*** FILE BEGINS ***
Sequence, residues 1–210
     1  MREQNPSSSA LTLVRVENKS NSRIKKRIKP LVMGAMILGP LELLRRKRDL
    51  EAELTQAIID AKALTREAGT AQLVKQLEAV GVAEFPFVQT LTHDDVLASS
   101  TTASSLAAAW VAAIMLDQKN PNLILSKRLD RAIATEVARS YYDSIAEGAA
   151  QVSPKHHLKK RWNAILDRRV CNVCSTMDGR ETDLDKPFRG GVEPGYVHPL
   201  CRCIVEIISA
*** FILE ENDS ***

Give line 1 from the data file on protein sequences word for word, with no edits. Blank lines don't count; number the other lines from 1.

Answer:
Sequence, residues 1–210